On Feb. 14, Justin Hamlin of Kellyville boated a paddlefish that unofficially weighed 157 pounds, but the fish had to be immediately released because it was caught on a “no harvest” day as set in state regulations. 

The largest American paddlefish on record, taken by a spearfisherman in Iowa in 1916, reportedly weighed 198 pounds.

The paddlefish is a primitive species, with a fossil record dating to the age of the dinosaurs about 75 million years ago. Resembling a shark, it has smooth skin and a skeleton mostly of cartilage.

A long paddle-like blade, called a rostrum, extends forward from the fish’s head. The rostrum is covered with tens of thousands of sensory receptors that enable the fish to detect weak electrical fields produced by zooplankton, its primary food. The American paddlefish roams lakes and rivers of the Mississippi and Missouri basins. Paddlefish were once very abundant across their range but have declined in many areas. These fish can live up to 30 years, and they can grow to huge sizes

.Oklahoma’s paddlefish population is seen as among the healthiest in the nation, and the sport of snagging paddlefish draws anglers from many states. The Wildlife Department’s paddlefish management program involves an extensive process of netting, weighing, measuring and marking paddlefish with metal bands on the lower jaw. For several months every year, the Department operates a Paddlefish Research Center near Miami, Okla.

Anglers wanting to experience battling these large fish are required to have a state fishing license (unless exempt) and a free paddlefish permit. Regulations for paddlefish snagging can be found here in the Oklahoma Fishing Regulations Guide.

And anyone wanting to arrange a guided paddlefish trip can find a list of state-licensed fishing guides here on the Wildlife Department’s website.

What Is A Paddlefish and When Is Paddlefish Time In Missouri

Paddlefish Time in Missouri
Lake of the Ozarks, Truman Lake, and Table Rock Lake are the most popular waters.
from The Fishing Wire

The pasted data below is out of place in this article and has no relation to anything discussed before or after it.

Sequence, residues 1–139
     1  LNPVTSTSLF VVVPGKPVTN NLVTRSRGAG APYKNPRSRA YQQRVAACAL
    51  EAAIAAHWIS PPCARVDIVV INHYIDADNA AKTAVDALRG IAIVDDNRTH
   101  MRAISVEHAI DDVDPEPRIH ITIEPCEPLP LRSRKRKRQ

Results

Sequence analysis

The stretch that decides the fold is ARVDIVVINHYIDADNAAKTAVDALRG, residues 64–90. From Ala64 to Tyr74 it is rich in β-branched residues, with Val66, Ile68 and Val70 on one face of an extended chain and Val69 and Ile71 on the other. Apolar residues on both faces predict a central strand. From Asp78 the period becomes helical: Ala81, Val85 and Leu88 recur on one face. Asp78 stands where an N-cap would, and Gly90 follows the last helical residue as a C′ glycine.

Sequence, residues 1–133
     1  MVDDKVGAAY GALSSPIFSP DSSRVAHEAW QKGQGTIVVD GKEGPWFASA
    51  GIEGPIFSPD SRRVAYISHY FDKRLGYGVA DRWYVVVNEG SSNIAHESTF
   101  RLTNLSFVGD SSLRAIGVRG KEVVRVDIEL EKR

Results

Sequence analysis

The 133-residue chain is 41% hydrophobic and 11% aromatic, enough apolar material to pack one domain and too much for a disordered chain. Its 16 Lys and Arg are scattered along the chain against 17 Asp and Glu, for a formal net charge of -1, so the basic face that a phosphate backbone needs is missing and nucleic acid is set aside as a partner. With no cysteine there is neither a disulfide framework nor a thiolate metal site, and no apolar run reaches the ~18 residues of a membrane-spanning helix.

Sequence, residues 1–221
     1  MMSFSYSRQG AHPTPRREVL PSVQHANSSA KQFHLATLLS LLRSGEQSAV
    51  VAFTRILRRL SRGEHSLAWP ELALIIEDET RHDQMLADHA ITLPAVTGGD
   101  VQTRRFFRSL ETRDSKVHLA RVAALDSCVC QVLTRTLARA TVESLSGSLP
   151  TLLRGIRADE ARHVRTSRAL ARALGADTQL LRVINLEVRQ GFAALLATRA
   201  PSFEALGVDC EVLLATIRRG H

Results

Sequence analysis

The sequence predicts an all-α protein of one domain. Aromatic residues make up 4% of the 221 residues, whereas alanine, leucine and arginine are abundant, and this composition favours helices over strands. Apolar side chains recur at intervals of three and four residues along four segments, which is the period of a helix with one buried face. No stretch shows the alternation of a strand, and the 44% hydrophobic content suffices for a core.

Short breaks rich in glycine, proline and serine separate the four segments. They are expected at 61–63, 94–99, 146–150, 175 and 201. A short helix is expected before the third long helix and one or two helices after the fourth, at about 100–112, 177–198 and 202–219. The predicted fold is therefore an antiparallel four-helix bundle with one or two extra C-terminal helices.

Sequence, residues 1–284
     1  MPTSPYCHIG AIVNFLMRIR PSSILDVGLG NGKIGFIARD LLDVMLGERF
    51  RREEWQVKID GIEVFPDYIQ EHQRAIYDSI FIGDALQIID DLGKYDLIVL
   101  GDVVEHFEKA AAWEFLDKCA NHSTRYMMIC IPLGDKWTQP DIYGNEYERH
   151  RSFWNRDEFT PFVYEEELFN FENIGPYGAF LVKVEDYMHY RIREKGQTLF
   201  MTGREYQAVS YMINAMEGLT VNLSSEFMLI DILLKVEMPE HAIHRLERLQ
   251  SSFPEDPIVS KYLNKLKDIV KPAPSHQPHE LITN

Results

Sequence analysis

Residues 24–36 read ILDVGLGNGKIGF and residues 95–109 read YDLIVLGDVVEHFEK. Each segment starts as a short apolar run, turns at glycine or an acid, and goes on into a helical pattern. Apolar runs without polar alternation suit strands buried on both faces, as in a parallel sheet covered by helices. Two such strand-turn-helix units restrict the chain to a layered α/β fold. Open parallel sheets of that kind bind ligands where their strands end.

JEFFERSON CITY, Mo. – Missouri’s annual spring paddlefish snagging season is a popular pastime for thousands of anglers. According to the Missouri Department of Conservation (MDC), the state’s major paddlefish snagging waters include Lake of the Ozarks, Truman Lake, and Table Rock Lake. The paddlefish snagging season for these and most other waters in the state runs March 15 through April 30. The season for the Mississippi River is March 15 through May 15 with a fall season of Sept. 15 through Dec. 15.

Also known as “spoonbills” because of the shape of their snouts, paddlefish take seven or eight years to grow to legal size and in Missouri can live more than 20 years. The state record paddlefish taken in 2015 on Table Rock Lake was 31 years old. The fish feed on plankton and other microscopic prey. These filter feeders therefore do not take bait from hooks and must be snagged using large hooks that catch in the mouth, gills, or other areas of their bodies.

The success of paddlefish snagging is dependent on weather conditions, primarily water temperature and flow.

“The best snagging conditions occur when water temperature reaches 50 to 55 degrees and there is an increase in water flow,” MDC Fisheries Management Biologist Trish Yasger said. “This prompts them to move upstream to spawn. We don’t usually see a lot of big fish being caught on opening day. Harvest early in the season is typically dominated by local fish and small males with the occasional large female. As water temperature and flow increase, you will start seeing more of the larger females.”

Yasger added snagging tends to be better early in the season at Table Rock Lake and better in April at Lake of the Ozarks and Truman Lake.

MDC Stocking Efforts

The Missouri Department of Conservation (MDC) makes paddlefish snagging possible in the Show-Me State through annual stocking of fingerlings raised at its Blind Pony Hatchery near Sweet Springs. The fingerlings are released into Lake of the Ozarks, Truman Lake and Table Rock Lake, plus the Black River. Last year more than 314,000 foot-long fingerlings were stocked — MDC’s largest stocking of paddlefish. These fish will be large enough to harvest beginning in 2023. The annual stocking is necessary because dams and other barriers to spawning areas have eliminated sustainable natural reproduction in the lakes.